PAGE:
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Surg Obes Relat Dis. 2021 Jun 29:S1550-7289(21)00264-1. doi: 10.1016/j.soard.2021.05.029. Online ahead of print.
BACKGROUND: SARS-CoV-2 (COVID-19) disease causes significant morbidity and mortality through increased inflammation and thrombosis. Nonalcoholic fatty liver disease (NAFLD) and nonalcoholic steatohepatitis (NASH) are states of chronic inflammation and indicate advanced metabolic disease.
OBJECTIVE: The purpose of this observational study was to characterize the risk of hospitalization for COVID-19 in patients with NAFLD/NASH and evaluate the mitigating effect of various metabolic treatments.
SETTING: Retrospective analysis of electronic medical record data of 26,896 adults from a 12-hospital Midwest healthcare system with a positive COVID-19 polymerase chain reaction (PCR) test from March 1, 2020, to January 26, 2021.
METHODS: Variable selection was guided by the least absolute shrinkage and selection operator (LASSO) method, and multiple imputation was used to account for missing data. Multivariable logistic regression and competing risk models were used to assess the odds of being hospitalized within 45 days of a COVID-19 diagnosis. Analysis assessed the risk of hospitalization among patients with a prescription for metformin and statin use within the 3 months prior to the COVID-19 PCR result, history of home glucagon-like peptide 1 receptor agonist (GLP-1 RA) use, and history of metabolic and bariatric surgery (MBS). Interactions were assessed by sex and race.
RESULTS: A history of NAFLD/NASH was associated with increased odds of admission for COVID-19 (odds ratio [OR], 1.88; 95% confidence interval [CI], 1.57-2.26; P < .001) and mortality (OR, 1.96; 95% CI, 1.45-2.67; P < .001). Each additional year of having NAFLD/NASH was associated with a significant increased risk of being hospitalized for COVID-19 (OR, 1.24; 95% CI, 1.14-1.35; P < .001). NAFLD/NASH increased the risk of hospitalization in men, but not women, and increased the risk of hospitalization in all multiracial/multiethnic subgroups. Medication treatments for metabolic syndrome were associated with significantly reduced risk of admission (OR, .81; 95% CI, .67-.99; P < .001 for home metformin use; OR, .71; 95% CI, .65-.83; P < .001 for home statin use). MBS was associated with a significant decreased risk of admission (OR, .48; 95% CI, .33-.69; P < .001).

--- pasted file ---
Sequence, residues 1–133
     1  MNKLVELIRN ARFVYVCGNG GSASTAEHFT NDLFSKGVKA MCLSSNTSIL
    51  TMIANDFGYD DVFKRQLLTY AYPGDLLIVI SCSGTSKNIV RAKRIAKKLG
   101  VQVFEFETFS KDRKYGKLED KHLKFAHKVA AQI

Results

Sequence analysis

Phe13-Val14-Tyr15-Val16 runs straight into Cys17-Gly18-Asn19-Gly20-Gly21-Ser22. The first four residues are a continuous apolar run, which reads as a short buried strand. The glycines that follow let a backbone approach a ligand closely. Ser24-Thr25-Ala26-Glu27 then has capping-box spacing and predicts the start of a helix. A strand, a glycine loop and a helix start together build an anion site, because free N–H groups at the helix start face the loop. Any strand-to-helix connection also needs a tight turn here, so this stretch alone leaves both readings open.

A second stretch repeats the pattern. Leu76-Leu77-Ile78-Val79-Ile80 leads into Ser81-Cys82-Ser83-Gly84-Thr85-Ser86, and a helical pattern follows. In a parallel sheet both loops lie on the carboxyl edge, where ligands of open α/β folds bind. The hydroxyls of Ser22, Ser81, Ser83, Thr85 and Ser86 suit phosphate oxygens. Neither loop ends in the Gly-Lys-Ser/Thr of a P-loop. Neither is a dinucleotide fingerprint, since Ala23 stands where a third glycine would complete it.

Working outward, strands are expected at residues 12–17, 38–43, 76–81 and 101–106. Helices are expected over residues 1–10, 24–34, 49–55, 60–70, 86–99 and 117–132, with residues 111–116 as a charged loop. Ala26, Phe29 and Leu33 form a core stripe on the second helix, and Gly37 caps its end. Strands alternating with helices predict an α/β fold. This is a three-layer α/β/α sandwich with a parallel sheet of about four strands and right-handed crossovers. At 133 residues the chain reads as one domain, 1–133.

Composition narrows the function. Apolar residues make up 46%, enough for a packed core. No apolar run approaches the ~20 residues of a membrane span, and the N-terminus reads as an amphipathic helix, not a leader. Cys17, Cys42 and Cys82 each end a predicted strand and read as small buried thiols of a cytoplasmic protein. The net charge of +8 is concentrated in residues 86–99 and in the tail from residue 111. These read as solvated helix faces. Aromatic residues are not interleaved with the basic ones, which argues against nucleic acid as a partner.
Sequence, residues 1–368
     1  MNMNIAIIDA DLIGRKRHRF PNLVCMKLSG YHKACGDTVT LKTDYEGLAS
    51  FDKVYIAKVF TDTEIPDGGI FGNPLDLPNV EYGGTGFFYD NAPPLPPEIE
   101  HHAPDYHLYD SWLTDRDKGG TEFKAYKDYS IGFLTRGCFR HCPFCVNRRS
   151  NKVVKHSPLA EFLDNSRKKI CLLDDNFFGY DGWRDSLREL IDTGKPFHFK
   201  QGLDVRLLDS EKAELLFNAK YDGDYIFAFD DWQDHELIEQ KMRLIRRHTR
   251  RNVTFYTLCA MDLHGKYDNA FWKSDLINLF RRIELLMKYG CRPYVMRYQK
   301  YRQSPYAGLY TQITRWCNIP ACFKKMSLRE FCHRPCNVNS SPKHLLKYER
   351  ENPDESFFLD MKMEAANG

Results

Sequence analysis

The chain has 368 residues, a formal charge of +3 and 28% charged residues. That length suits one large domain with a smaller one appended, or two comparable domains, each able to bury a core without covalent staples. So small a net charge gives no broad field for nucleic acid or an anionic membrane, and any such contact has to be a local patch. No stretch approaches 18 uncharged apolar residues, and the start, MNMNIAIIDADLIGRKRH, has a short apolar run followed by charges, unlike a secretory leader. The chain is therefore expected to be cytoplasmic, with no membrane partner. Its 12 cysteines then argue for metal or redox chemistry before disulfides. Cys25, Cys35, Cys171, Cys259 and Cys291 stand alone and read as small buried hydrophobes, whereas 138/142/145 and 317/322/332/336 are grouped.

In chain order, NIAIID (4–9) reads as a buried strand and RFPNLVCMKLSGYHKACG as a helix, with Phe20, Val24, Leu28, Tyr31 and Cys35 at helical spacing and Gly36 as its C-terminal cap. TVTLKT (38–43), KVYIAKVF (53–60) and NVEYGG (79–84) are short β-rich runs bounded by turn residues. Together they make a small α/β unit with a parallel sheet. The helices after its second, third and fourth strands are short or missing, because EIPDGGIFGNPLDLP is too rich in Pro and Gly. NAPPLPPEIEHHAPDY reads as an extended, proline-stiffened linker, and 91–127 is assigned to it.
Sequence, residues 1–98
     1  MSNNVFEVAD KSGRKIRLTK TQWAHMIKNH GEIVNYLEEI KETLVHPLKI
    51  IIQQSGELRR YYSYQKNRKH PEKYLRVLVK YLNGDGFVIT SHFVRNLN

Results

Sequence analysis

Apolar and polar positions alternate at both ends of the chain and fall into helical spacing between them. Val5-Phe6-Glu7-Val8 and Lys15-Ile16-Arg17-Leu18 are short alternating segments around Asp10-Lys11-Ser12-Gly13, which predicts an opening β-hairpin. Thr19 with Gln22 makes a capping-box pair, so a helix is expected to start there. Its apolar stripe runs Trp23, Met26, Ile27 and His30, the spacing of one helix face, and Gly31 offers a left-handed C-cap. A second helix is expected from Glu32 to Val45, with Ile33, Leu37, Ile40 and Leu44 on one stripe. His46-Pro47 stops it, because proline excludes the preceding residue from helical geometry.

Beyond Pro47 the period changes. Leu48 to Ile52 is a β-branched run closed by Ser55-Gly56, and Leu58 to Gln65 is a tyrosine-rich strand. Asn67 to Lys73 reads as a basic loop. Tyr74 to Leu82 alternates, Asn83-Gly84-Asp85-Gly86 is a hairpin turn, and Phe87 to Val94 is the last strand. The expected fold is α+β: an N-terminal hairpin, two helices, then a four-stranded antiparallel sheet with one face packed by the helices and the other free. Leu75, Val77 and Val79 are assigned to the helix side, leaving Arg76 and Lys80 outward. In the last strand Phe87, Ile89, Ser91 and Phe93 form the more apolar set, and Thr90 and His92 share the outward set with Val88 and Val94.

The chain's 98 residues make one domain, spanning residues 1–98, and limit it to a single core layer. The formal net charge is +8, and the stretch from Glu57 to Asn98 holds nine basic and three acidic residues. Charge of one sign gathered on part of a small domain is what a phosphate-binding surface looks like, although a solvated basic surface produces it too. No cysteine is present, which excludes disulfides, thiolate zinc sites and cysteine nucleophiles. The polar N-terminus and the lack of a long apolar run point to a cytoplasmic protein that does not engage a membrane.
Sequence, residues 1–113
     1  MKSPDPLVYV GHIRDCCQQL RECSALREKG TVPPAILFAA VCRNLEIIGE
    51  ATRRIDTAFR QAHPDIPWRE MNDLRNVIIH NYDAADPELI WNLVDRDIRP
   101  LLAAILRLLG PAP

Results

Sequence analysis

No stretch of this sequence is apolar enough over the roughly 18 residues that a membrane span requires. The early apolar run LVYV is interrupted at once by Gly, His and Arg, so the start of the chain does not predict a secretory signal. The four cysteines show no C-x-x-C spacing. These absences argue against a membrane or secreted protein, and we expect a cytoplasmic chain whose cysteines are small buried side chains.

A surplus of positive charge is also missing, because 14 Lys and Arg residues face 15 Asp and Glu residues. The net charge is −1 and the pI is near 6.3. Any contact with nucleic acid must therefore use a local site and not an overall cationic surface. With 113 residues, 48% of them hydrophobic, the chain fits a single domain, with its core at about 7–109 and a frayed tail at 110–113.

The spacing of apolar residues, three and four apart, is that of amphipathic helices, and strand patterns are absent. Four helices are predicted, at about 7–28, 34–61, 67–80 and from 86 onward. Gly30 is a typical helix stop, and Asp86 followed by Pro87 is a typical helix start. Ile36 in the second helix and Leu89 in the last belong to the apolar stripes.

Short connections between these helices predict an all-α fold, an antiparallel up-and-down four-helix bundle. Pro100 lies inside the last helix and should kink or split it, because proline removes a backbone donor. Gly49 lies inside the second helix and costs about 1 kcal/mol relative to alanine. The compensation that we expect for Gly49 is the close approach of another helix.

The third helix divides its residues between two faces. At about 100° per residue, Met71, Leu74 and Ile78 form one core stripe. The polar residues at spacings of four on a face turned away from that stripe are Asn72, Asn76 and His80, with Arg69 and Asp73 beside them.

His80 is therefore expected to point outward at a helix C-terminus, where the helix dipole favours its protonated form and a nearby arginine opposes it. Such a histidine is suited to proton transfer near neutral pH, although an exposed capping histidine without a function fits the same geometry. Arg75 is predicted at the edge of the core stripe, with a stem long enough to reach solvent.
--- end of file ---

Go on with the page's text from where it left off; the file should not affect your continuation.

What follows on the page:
CONCLUSIONS: NAFLD/NASH is a significant risk factor for hospitalization for COVID-19 and appears to account for risk attributed to obesity. Other significant risks include factors associated with socioeconomic status and other co-morbidities, such as history of venous thromboembolism. Treatments for metabolic disease mitigated risks from NAFLD/NASH. More research is needed to confirm the risk associated with visceral adiposity, and patients should be screened for and informed of treatments for metabolic syndrome.